|Staten Island Greenbelt|
At Manor Road
|Location||Staten Island, New York City, United States|
|Area||1,778 acres (7.20 km2)|
|Owned by||NYC Parks|
|Operated by||Greenbelt Conservancy|
|Status||Open all year|
The Staten Island Greenbelt is a system of contiguous public parkland and natural areas in the central hills of the New York City borough of Staten Island. It is the second largest component of the parks owned by the government of New York City and is maintained by the city's Department of Parks and Recreation and the Greenbelt Conservancy, a not-for-profit organization that works in partnership with NYC Parks to care for the Greenbelt and raise funds for its maintenance and programs.
The administrative headquarters of the Greenbelt and Greenbelt Conservancy are located at the entrance to High Rock Park (one of the many parks within the system) with a street address of 200 Nevada Avenue in the Egbertville neighborhood; in June 2004 a second facility, known as the Greenbelt Nature Center, was opened approximately 0.75 miles (1.21 km) away, at 700 Rockland Avenue. The Greenbelt Conservancy, which works in partnership with the NYC Parks Department, is a membership organization offering year-round nature-themed events for young people and adults.
The Protectors of Pine Oak Woods, a citizen organization committed to the conservation and preservation of remaining natural area on Staten Island has, since the early 1970s, carried on the mission of its predecessor, SIGNAL. Today the "Protectors" continue the tradition of organizing people concerned about the island's fragile and threatened wilderness via lobbying and naturalist led hikes.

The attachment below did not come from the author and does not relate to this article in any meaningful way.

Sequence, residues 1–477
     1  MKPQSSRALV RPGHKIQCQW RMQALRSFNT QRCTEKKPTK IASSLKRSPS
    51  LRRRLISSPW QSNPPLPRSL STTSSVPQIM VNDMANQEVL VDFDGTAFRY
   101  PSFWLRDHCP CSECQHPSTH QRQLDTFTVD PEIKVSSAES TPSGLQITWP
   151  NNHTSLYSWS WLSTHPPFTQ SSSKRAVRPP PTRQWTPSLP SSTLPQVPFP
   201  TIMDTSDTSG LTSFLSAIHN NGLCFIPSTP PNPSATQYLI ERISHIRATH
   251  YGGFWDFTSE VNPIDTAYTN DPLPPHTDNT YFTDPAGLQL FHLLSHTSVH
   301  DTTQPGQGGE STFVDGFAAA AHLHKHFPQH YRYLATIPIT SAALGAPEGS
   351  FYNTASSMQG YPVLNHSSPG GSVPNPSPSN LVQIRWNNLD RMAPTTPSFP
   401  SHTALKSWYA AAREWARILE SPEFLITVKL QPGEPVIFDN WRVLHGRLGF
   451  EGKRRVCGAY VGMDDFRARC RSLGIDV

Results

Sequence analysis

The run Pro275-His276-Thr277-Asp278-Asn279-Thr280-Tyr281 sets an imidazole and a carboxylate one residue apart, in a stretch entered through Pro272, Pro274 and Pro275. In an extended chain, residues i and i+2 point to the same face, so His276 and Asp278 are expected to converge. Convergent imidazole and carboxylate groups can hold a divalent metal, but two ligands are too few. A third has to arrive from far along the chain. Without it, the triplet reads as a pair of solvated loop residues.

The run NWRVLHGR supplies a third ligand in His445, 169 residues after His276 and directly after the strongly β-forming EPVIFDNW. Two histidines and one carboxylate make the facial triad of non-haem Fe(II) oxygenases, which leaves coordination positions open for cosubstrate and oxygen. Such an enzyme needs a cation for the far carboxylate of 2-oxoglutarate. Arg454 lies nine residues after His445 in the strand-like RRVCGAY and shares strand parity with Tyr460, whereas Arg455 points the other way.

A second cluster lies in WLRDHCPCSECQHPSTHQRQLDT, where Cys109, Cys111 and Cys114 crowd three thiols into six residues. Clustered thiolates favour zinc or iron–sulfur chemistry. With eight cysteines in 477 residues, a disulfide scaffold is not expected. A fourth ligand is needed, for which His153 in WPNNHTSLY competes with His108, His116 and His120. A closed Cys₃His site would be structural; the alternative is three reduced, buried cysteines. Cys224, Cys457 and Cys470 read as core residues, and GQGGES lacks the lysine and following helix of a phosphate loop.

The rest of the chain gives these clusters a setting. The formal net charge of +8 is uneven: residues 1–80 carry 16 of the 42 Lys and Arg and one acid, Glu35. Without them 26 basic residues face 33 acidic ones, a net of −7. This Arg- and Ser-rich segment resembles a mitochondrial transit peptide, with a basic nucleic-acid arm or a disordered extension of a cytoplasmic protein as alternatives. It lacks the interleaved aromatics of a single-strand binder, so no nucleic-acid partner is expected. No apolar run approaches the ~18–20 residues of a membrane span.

A researchable archive of planning, legal, public relations, and other documents related to the Staten Island Greenbelt, its ecology and history, is housed at the library of the College of Staten Island, a campus of the City University of New York.
Containing an extensive system of connected trails and covering 2,800 acres (1,100 ha), its forested hills run the length of Staten Island's midsection while wetlands and kettle ponds fill much of the low-lying areas. Four hundred and ten feet above sea level, Todt Hill is the highest elevation south of Maine along the Eastern Seaboard. This and other surface features are the result of glacial activity from the Pleistocene epoch; the metamorphic and igneous rocks below the surface – schist, sandstone, serpentine, magnetite, iron oxide – are the result of tectonic activity from the much earlier Paleozoic era and volcanic activity from subsequent geologic eras.